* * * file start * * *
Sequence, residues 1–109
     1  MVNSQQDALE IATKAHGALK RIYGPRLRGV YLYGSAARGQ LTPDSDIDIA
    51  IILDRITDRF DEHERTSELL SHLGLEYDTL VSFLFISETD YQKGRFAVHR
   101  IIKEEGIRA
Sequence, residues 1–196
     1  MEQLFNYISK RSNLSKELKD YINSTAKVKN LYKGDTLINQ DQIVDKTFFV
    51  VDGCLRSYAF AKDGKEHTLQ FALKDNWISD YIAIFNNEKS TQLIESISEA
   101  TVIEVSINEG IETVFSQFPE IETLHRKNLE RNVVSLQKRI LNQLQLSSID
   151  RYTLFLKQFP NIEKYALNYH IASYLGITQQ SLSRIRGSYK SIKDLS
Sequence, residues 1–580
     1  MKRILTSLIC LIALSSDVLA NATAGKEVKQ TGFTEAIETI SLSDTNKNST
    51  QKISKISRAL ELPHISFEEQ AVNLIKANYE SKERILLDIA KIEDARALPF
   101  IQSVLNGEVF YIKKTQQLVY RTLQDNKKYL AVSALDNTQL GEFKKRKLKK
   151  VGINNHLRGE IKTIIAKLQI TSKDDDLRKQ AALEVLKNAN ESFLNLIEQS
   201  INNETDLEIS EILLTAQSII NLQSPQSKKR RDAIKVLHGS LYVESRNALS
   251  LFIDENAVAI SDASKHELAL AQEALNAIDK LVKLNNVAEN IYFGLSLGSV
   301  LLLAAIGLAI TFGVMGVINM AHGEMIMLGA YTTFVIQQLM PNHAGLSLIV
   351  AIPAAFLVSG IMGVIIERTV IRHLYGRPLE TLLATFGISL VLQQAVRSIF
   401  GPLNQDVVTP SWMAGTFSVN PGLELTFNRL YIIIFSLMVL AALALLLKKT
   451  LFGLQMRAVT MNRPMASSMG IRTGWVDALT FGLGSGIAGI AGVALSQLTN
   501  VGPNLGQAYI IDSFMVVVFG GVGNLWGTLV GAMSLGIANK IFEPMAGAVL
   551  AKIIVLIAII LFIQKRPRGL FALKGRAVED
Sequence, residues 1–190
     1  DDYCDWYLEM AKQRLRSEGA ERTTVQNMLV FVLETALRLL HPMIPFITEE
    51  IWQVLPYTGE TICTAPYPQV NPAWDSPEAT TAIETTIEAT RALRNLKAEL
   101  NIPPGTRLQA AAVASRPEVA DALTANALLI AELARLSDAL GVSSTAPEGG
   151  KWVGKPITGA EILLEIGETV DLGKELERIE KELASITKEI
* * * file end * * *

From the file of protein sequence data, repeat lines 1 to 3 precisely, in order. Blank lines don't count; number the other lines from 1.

Sequence, residues 1–109
     1  MVNSQQDALE IATKAHGALK RIYGPRLRGV YLYGSAARGQ LTPDSDIDIA
    51  IILDRITDRF DEHERTSELL SHLGLEYDTL VSFLFISETD YQKGRFAVHR